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Tatar-Bashkir Report: November 8, 2001


8 November 2001
DAILY REVIEW FROM TATARSTAN
Kremlin Sets Up Tatar Consultation Board
RFE/RL's Moscow correspondent reported on 5 November that the Russian presidential staff is organizing a Tatar Consultation Board of 30 members, 22 of whom are signatories of a petition against the introduction of the Latin-Tatar script in Tatarstan. RFE/RL correspondents and Tatar media have reported that the petition was a result of efforts by the presidential staff, which turned to a number of high-profile Tatars living in Moscow.

Under current Russian law the board cannot occupy any official status, but will rather exist as a public organization. This would mark the first consultation board in the federation aimed at Moscow's relations with ethnic minorities living in Russia.

Ekdes Borkhanov, a Tatar professor living in Moscow, told RFE/RL that he has agreed to join the board, adding that he intends to work to defend the interests of Tatars. He added that President Vladimir Putin intended to use the board to influence the Tatar elite. Borkhanov added, "So far I have not met any reasonable people on the presidential staff, so the board could impart some wisdom on them."

Kazan Communists Mark Bolshevik Revolution...
Some 1,500 mostly elderly people gathered near Gorky Park in Kazan on 7 November to celebrate the 84th anniversary of the 1917 Bolshevik revolution. The meeting organized by the Tatarstan organization of the Russian Communist Party and was attended by several representatives of the Liberal Democratic Party of Russia (LDPR) and anarchists. After speeches condemning the Russian and Tatarstan governments, federal and republican legislators, Communist leaders proposed that participants vote on a resolution expressing distrust in those governments and lawmakers.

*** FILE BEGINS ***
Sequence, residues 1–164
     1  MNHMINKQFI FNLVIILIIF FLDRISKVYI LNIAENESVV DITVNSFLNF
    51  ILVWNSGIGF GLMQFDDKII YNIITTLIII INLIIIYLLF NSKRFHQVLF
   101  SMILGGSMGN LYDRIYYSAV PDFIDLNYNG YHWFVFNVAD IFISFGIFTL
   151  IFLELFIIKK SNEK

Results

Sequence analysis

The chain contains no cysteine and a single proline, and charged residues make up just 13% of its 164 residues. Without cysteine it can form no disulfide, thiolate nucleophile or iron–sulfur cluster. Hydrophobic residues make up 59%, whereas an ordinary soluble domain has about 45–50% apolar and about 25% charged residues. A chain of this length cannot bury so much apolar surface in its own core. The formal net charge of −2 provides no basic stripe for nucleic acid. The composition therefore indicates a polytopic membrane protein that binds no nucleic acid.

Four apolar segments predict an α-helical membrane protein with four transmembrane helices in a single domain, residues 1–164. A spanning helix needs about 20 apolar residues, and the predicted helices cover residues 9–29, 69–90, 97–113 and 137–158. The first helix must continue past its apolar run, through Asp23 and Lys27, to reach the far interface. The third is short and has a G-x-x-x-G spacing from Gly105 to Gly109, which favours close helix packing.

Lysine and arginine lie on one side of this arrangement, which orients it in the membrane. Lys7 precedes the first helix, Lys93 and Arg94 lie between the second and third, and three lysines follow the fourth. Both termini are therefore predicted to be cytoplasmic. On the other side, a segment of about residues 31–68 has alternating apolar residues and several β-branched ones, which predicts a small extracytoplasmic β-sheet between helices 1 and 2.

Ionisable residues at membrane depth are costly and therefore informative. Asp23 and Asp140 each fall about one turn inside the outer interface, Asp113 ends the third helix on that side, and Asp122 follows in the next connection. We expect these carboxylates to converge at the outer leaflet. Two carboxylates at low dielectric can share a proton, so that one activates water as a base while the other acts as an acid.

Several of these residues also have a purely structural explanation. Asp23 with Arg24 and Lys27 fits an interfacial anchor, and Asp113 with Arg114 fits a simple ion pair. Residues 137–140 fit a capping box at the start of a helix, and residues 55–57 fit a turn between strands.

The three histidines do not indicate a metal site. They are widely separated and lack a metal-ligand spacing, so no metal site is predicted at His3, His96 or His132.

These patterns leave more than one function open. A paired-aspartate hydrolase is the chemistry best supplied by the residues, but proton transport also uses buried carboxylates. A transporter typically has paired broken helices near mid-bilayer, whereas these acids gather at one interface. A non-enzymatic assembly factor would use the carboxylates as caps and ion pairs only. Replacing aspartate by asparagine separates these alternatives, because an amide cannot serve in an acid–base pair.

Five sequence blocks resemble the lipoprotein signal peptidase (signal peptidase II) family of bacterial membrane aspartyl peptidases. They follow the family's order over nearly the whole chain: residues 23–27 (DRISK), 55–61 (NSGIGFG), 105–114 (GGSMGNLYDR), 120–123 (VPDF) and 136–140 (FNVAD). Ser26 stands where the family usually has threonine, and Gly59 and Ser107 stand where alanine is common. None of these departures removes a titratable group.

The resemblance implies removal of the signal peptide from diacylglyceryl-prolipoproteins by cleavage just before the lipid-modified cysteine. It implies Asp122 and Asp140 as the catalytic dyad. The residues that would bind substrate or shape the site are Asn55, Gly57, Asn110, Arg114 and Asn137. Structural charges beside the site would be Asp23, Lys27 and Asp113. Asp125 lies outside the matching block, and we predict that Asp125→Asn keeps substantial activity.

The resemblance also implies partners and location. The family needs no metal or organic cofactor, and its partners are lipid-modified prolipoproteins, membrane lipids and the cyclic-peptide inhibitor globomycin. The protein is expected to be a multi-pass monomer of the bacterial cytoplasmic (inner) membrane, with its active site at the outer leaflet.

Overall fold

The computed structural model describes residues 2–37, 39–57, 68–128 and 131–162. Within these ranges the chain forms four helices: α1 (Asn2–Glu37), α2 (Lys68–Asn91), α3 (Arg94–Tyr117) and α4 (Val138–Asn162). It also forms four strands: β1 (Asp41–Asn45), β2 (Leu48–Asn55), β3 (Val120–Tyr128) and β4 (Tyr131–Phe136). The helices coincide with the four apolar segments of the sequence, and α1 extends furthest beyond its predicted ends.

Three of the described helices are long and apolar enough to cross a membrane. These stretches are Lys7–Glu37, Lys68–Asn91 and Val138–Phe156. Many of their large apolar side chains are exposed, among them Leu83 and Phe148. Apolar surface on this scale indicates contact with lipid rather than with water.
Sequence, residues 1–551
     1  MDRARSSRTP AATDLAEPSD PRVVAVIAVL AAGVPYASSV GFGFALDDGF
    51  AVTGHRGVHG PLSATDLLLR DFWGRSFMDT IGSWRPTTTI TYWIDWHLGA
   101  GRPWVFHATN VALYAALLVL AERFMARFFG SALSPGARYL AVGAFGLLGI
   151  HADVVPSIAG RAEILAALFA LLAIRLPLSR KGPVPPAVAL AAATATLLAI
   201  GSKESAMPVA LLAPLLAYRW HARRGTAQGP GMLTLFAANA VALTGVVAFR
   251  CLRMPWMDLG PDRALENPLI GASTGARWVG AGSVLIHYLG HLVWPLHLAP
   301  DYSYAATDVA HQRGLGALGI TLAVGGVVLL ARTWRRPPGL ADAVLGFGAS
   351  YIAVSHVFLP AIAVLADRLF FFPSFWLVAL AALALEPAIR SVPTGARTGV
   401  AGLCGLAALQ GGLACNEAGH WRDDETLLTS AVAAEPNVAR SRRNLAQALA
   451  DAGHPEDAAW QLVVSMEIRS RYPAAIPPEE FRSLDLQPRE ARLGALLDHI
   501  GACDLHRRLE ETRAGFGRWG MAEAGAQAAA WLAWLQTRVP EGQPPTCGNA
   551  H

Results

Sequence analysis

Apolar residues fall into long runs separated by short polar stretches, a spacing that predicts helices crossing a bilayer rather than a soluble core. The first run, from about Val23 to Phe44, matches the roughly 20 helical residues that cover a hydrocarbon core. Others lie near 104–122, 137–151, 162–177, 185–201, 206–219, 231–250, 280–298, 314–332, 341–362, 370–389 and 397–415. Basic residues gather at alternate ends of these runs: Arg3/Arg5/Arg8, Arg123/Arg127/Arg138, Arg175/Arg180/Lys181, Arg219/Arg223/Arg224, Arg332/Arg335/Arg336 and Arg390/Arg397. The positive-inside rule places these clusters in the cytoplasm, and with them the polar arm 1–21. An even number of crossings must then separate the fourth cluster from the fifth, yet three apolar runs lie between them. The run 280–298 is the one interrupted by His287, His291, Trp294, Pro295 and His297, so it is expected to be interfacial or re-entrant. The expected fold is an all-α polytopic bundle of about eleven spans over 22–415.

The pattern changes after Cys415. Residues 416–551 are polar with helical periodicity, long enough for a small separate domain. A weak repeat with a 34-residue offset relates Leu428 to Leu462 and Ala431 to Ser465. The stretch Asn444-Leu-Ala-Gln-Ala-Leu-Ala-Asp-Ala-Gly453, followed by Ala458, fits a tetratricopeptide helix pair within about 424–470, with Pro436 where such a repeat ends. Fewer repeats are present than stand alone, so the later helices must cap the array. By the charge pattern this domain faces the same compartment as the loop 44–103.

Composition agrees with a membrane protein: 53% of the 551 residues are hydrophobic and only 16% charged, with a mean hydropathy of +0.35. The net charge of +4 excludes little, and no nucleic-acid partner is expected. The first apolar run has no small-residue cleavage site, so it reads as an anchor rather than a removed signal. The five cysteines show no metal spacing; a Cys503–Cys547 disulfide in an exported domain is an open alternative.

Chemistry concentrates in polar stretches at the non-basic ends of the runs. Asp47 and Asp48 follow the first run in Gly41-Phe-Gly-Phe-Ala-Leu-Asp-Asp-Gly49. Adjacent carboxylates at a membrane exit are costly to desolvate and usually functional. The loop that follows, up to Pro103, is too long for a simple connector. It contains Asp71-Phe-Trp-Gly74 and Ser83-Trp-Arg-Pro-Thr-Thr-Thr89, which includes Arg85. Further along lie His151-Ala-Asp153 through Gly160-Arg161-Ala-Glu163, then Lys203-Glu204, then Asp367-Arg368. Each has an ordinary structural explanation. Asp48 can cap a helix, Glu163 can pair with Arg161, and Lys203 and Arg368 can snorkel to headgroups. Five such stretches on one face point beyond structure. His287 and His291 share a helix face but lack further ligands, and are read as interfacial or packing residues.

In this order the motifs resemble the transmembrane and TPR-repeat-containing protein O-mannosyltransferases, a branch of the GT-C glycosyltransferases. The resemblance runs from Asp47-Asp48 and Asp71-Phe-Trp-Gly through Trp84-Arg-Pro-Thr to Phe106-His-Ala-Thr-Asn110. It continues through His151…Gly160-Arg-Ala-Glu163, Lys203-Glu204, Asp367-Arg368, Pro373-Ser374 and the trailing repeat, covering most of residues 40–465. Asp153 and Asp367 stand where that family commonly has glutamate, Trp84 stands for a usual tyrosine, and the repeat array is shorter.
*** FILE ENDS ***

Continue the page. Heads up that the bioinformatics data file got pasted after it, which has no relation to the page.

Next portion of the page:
After the Gorky Park meeting, approximately 500 Communists holding portraits of Vladimir Lenin, Josef Stalin and Felix Dzerjinsky marched to Freedom Square to lay flowers at Lenin's monument.

...Express Concern With Ethnic Issues...
Together with demands to dissolve the federal and republican governments and legislatures, the resolution protested against the transition to Latin-Tatar script, "splitting the Tatar nation into non-existent ethnic groups like Baptized Tatars, Mishers, and Tiptyars in the upcoming national census," and "the policy of ethnic and cultural genocide with respect to Tatar people in Bashkortostan, where they are forcibly 'Bashkirized.'"

...As Chally Communists Decry Moscow's Pressure On Tatarstan
About 1,000 people joined a memorial meeting devoted to the 1917 revolution in Tatarstan's second city, Chally, on 7 November, RFE/RL reported. Marxlen Fyodorov, the leader of the local Communist Party committee, which is not part of the Communist Party of the Russian Federation (KPRF), told RFE/RL that his organization, unlike the KPRF, stands for protecting the right of Tatar people to self-determination and therefore was against growing pressure from Moscow on Tatarstan's liberties.

Communists Blast U.S.-Led Actions In Afghanistan
In their speeches at meetings to mark the Bolshevik revolution on 7 November in Kazan and Chally, Communist leaders called current developments in Afghanistan "the beginning of World War III" and accused the United States of "being a stronghold of imperialism and capitalism, undertaking acts of aggression against the Afghan people."